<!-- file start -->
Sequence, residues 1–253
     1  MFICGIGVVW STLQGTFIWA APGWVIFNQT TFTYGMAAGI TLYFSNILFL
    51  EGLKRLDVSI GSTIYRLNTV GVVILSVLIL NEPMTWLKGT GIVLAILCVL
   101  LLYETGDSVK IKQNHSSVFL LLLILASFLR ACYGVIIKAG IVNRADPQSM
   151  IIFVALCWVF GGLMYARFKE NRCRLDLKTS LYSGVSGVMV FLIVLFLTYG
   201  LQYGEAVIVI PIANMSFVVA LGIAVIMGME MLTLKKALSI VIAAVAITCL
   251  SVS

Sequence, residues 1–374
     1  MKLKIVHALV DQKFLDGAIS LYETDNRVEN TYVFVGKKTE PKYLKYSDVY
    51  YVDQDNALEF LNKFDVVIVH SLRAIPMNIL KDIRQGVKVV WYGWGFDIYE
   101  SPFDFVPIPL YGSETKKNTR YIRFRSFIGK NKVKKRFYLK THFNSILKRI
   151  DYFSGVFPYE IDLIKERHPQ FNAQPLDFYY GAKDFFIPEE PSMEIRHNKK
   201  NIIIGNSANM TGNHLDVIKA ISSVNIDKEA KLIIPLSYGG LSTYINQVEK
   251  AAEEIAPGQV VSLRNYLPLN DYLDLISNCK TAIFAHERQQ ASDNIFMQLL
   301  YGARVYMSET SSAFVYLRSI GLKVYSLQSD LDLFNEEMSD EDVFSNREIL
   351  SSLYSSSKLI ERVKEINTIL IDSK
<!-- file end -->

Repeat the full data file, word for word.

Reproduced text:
Sequence, residues 1–253
     1  MFICGIGVVW STLQGTFIWA APGWVIFNQT TFTYGMAAGI TLYFSNILFL
    51  EGLKRLDVSI GSTIYRLNTV GVVILSVLIL NEPMTWLKGT GIVLAILCVL
   101  LLYETGDSVK IKQNHSSVFL LLLILASFLR ACYGVIIKAG IVNRADPQSM
   151  IIFVALCWVF GGLMYARFKE NRCRLDLKTS LYSGVSGVMV FLIVLFLTYG
   201  LQYGEAVIVI PIANMSFVVA LGIAVIMGME MLTLKKALSI VIAAVAITCL
   251  SVS

Sequence, residues 1–374
     1  MKLKIVHALV DQKFLDGAIS LYETDNRVEN TYVFVGKKTE PKYLKYSDVY
    51  YVDQDNALEF LNKFDVVIVH SLRAIPMNIL KDIRQGVKVV WYGWGFDIYE
   101  SPFDFVPIPL YGSETKKNTR YIRFRSFIGK NKVKKRFYLK THFNSILKRI
   151  DYFSGVFPYE IDLIKERHPQ FNAQPLDFYY GAKDFFIPEE PSMEIRHNKK
   201  NIIIGNSANM TGNHLDVIKA ISSVNIDKEA KLIIPLSYGG LSTYINQVEK
   251  AAEEIAPGQV VSLRNYLPLN DYLDLISNCK TAIFAHERQQ ASDNIFMQLL
   301  YGARVYMSET SSAFVYLRSI GLKVYSLQSD LDLFNEEMSD EDVFSNREIL
   351  SSLYSSSKLI ERVKEINTIL IDSK